Police have begun moving into downtown Ottawa to make some arrests in hopes of breaking weeks of deadlock in the Canadian capital with demonstrations sparked by vaccination requirements and other abuses.
Among those arrested Thursday night was Tamara Lich, 47, one of the main organizers of the protests, according to Dagny Pawlak, a spokeswoman for the protest.
Ms Pawlak called the arrest “absolutely unfounded and a disgrace to any liberal democracy, albeit not a surprise”.
Ms. Lich has emerged as the public face and most visible leader of the trucker convoy against pandemic restrictions. She is a former fitness trainer who worked in the energy sector and sang and played guitar in a band called “Blind Monday” in Medicine Hat, Alberta. She was also a senior member of a splinter party campaigning for Canada’s western provinces to secede from the country.
During the protests, Ms Lich, who speaks in measured tones publicly, has developed adept at using social media – and her Twitter feed – to amplify protesters’ grievances.
Police also arrested another organizer, Chris Barber, on Thursday afternoon, a protest spokesman confirmed.
Officials had been signaling for days that what had been criticized as a slow law enforcement response would soon end, and on Thursday city, provincial and state police in Ottawa mobilized in preparation for a crackdown. Officials were seen gathering at a convention center near the airport and at major hotels on the outskirts of the city.
“Action is imminent,” Steve Bell, interim chief of the Ottawa Police Service, said Thursday afternoon, adding that police are committed to ending the “unlawful occupation.”
Police on Thursday set up a perimeter of about 100 checkpoints in core downtown Ottawa to bar anyone but residents from entering, and declared downtown a security zone off-limits to outsiders.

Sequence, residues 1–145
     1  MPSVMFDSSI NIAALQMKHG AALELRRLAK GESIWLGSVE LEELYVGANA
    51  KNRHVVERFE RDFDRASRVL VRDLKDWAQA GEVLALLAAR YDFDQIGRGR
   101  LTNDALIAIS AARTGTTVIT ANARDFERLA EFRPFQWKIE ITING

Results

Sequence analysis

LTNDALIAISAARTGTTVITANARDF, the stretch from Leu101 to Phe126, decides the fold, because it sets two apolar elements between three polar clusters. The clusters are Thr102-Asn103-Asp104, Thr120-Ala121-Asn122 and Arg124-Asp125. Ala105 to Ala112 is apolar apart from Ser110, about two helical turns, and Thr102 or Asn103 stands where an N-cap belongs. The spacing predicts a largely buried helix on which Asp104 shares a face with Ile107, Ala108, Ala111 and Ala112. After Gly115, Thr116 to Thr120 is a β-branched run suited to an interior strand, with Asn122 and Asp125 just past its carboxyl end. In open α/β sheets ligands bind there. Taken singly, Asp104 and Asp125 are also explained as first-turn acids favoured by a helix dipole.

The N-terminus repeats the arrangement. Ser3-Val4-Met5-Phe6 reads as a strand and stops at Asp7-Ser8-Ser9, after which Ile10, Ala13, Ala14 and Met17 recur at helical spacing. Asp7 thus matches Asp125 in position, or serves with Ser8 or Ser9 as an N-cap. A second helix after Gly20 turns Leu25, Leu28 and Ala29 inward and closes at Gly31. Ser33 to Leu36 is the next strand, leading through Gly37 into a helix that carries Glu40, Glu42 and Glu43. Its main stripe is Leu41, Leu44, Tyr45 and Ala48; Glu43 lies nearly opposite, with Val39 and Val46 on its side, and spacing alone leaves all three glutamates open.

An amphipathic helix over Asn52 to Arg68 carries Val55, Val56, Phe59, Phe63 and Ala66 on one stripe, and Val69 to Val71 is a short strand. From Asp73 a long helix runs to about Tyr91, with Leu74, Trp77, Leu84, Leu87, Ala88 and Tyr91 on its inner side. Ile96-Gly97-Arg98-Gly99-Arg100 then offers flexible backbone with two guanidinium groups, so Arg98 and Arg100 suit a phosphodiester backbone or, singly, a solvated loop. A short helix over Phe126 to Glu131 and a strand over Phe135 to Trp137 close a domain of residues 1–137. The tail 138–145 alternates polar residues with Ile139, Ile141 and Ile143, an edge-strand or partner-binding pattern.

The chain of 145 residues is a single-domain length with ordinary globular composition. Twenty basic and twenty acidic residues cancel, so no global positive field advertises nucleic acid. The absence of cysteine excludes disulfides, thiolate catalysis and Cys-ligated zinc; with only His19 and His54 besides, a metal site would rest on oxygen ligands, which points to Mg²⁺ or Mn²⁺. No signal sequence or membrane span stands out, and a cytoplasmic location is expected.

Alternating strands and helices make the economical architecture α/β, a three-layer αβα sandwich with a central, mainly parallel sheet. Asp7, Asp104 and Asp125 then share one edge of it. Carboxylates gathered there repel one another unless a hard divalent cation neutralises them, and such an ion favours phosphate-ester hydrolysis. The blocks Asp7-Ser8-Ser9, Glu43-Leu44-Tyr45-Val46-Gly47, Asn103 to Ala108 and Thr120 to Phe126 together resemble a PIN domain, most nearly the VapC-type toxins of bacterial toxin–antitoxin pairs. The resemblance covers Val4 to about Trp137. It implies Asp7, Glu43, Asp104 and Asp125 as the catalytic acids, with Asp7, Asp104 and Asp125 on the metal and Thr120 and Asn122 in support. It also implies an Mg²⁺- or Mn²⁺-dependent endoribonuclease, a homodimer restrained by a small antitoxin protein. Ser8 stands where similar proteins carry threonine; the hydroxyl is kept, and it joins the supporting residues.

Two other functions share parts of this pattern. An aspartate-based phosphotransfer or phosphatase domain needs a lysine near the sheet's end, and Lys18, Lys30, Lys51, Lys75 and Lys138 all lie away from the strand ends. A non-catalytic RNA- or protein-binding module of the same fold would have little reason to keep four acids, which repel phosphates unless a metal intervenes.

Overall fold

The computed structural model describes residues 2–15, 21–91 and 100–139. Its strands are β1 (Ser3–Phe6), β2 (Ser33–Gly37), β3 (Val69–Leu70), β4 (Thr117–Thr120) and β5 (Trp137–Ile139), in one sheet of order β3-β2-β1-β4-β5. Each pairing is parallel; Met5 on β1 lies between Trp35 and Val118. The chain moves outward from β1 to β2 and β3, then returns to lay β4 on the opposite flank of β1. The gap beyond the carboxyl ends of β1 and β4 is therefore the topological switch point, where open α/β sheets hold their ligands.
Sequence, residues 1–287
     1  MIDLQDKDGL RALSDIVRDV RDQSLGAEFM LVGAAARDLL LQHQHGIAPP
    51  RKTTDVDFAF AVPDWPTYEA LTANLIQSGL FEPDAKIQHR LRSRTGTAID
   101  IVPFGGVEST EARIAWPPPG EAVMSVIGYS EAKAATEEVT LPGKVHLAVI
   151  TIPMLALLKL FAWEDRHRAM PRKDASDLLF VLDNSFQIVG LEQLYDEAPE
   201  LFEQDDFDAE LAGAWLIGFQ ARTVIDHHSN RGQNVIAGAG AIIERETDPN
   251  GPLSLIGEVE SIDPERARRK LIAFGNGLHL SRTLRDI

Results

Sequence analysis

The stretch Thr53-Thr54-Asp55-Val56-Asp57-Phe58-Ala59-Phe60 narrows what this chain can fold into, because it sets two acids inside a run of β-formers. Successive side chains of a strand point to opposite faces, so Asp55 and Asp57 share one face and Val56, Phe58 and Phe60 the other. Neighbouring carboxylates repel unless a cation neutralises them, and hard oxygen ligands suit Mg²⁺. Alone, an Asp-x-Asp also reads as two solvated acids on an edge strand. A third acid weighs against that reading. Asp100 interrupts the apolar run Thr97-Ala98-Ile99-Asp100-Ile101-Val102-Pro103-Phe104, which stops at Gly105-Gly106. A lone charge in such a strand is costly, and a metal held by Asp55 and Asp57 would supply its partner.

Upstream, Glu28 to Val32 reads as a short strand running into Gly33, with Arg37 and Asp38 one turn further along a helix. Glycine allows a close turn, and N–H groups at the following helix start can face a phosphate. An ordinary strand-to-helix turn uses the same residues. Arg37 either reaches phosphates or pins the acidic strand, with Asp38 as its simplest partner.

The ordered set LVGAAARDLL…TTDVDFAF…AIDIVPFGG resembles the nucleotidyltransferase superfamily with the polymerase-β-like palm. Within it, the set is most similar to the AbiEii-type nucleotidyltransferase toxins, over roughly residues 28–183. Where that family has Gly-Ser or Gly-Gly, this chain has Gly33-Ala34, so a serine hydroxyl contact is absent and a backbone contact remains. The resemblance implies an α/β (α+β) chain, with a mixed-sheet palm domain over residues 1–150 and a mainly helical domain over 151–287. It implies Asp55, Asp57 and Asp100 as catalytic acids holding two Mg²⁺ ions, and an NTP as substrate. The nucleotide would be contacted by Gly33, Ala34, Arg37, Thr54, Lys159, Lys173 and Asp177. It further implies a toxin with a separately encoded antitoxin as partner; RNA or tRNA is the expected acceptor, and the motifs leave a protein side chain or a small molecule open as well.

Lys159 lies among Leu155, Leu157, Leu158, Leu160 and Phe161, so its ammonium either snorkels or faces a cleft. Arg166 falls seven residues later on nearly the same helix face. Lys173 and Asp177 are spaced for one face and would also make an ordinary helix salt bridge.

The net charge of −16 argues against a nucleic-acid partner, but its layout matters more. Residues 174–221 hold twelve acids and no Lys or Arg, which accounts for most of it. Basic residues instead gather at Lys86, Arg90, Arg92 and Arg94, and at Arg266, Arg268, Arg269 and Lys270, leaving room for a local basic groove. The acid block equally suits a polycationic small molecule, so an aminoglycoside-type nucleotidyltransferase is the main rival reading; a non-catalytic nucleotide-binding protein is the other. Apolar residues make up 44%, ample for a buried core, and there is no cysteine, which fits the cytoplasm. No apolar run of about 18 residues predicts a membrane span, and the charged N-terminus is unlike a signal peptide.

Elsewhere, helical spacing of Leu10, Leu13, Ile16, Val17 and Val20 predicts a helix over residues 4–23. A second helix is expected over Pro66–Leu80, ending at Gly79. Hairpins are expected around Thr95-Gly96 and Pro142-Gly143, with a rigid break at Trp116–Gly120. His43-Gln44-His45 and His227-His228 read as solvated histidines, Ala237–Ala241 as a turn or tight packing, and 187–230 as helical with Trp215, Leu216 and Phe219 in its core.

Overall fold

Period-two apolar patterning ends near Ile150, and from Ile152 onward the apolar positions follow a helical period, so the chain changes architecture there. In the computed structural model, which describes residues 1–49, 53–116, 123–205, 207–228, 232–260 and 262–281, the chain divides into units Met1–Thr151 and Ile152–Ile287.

Officials also closed all exits leading to downtown Ottawa on the Trans-Canada Highway, the expressway through the city of Ottawa. By Thursday evening, there was a widespread traffic collapse in several parts of the city center.
On Parliament Hill, the sleet that had drenched Ottawa for most of the day turned to snow, and defiant protesters stayed in the streets, some dancing. A group of protesters followed a news camera team and shouted: “Are you proud of what you do?”
Just after 8pm, a yellow Volvo semi-trailer truck voluntarily pulled out of Confederation Square – which surrounds the National War Memorial – after police approached the driver. As the trucker answered his door for the last time before he left, protesters shouted thank you messages while berating the police.
The protesters said they received text message alerts with the location of police, who confronted the driver to intervene. It was the second truck in the area to set off on Thursday.
Police issued increasingly urgent warnings Wednesday and throughout Thursday – online, on social media and in printed leaflets hand-distributed to protesters – saying that blocking the streets was illegal. They threatened the protesters with arrest, confiscation of their vehicles and other penalties.
In a sign of growing frustration at the protests, the scope of a class-action lawsuit against the protesters was expanded Thursday to include more workers and businesses whose livelihoods have been upended by the protests. In total, the lawsuit seeks approximately CA$306 million in compensation for lost revenue.
In recent weeks, truckers and their supporters have blocked key border crossings and other routes, hampered trade and shut down automakers’ factories. Some blocked roads and harassed residents in Ottawa, causing a 24-hour cacophony in quiet neighborhoods. While many of the protesters are from marginalized communities, others are people fed up with the pandemic restrictions. Physical violence was rare.
Ottawa residents and many Canadians have grown impatient at the sluggishness of the police response, and earlier this week the Ottawa Police Chief resigned amid criticism of law enforcement.
Prime Minister Justin Trudeau this week took the rare step of declaring a national public order emergency – the first such declaration in half a century – to end the protests. The move extended tougher police action across the country, targeting both the protesters’ money-raising, which was classified as criminal activity, and the protesters’ personal and business bank accounts.
Mr Trudeau addressed the House of Commons on Thursday and urged protesters to go home. “It’s high time these illegal and dangerous activities stopped, including here in Ottawa,” he said.
Sarah Maslin Nir and Natalie Kitroeff contributed reporting.